• Abstract: Since the discovery of oil in Bunyoro sub-region, land-related conflicts have grown rapidly. Traditional conflict resolution capacities, which were already in a state of disrepair, have been side-lined and the court system has been overwhelmed. Given this context, the objective of this research was to enhance the capacity of local peacebuilders to help resolve land conflicts in their communities. The research was based on an action research approach which involved three phases – exploring the issue, planning and implementing an intervention and evaluating the short-term outcomes. In the exploration phase, data was collected using focus group discussions with community members and in-depth interviews with key informants. In the intervention phase, an action team was formed to help resolve land- related conflicts in their communities, using traditional conflict resolution approaches. The short-term outcomes show that local peacebuilding capacities were enhanced and that many land-related conflicts were resolved using traditional conflict resolution approaches.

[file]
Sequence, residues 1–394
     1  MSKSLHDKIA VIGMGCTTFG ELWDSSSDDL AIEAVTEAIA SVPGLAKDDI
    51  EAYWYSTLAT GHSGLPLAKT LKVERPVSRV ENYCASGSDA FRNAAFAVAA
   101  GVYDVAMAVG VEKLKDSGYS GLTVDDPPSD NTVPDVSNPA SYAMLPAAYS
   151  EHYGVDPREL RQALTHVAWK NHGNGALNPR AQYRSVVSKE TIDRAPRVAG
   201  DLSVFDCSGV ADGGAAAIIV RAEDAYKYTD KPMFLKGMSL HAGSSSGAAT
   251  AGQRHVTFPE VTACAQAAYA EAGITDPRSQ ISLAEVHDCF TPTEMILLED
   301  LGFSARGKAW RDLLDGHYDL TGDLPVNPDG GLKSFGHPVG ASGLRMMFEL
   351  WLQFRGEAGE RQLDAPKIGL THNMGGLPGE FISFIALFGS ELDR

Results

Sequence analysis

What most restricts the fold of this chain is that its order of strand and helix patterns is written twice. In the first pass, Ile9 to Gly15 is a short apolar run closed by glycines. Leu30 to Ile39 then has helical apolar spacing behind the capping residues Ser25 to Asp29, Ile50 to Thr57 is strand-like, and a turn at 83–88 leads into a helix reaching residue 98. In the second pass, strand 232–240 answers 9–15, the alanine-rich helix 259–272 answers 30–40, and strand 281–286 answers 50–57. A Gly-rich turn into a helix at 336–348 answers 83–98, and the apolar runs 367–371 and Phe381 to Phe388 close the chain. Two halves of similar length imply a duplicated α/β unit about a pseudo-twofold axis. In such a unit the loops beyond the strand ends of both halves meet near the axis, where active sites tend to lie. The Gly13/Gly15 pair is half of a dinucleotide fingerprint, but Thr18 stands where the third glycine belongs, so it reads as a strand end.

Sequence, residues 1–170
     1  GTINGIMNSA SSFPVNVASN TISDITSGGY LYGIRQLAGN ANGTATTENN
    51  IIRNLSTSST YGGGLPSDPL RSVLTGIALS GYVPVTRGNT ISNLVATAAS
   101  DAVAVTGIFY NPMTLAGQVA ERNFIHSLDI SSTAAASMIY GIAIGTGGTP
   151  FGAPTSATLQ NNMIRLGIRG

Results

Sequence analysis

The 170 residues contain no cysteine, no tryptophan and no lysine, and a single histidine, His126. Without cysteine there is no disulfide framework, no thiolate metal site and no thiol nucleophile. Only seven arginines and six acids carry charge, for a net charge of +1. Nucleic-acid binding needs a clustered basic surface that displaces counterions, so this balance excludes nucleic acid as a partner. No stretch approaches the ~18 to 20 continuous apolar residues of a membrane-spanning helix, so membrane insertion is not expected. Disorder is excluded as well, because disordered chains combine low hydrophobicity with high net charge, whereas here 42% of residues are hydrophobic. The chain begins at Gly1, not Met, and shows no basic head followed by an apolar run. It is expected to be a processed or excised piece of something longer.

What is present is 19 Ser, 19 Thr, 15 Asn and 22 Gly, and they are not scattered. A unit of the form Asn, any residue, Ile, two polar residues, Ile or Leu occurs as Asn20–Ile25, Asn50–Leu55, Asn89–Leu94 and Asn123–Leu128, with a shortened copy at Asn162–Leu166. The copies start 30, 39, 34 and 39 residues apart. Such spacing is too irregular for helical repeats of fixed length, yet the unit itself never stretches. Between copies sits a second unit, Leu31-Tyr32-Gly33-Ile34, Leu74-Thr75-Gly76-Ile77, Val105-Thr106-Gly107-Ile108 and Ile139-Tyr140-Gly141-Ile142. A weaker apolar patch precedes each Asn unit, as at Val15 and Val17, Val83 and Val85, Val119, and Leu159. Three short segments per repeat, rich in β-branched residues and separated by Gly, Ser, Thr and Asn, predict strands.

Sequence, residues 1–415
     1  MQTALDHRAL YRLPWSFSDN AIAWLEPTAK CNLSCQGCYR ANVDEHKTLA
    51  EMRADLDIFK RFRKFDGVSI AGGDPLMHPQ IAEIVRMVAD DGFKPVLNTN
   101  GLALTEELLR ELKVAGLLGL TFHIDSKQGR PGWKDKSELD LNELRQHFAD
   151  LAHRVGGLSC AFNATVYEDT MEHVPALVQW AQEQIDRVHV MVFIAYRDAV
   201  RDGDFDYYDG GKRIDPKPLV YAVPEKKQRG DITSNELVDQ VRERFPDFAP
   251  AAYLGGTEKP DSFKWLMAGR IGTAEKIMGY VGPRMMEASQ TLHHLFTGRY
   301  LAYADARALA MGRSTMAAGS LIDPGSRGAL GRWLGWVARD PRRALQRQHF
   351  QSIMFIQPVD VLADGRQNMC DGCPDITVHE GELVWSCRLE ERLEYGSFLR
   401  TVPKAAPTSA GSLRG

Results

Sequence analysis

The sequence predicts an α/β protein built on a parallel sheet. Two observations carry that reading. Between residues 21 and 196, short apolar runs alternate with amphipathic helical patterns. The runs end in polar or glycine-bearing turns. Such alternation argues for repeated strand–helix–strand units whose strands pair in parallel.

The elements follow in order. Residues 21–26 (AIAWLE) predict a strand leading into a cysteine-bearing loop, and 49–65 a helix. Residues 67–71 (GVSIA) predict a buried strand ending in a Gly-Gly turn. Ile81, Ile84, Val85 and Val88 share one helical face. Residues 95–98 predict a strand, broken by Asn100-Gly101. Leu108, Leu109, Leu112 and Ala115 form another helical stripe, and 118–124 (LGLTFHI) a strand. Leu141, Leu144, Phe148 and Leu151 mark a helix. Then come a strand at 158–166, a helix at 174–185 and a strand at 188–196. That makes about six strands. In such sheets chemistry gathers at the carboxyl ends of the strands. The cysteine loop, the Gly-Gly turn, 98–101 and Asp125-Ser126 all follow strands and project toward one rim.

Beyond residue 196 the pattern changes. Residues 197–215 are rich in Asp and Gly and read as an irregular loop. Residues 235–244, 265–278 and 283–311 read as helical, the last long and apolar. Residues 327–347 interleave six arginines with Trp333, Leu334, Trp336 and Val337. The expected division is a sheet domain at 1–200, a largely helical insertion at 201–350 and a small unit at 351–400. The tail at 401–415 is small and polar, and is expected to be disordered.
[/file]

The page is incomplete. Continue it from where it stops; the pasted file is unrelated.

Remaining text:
• Topic: Oil, Natural Resources, Conflict, Land, Community
  • Political Geography: Uganda, Africa
  • Author: John Narh
  • Publication Date: 06-2020
  • Content Type: Journal Article
  • Journal: African Journal on Conflict Resolution
  • Institution: The African Centre for the Constructive Resolution of Disputes (ACCORD)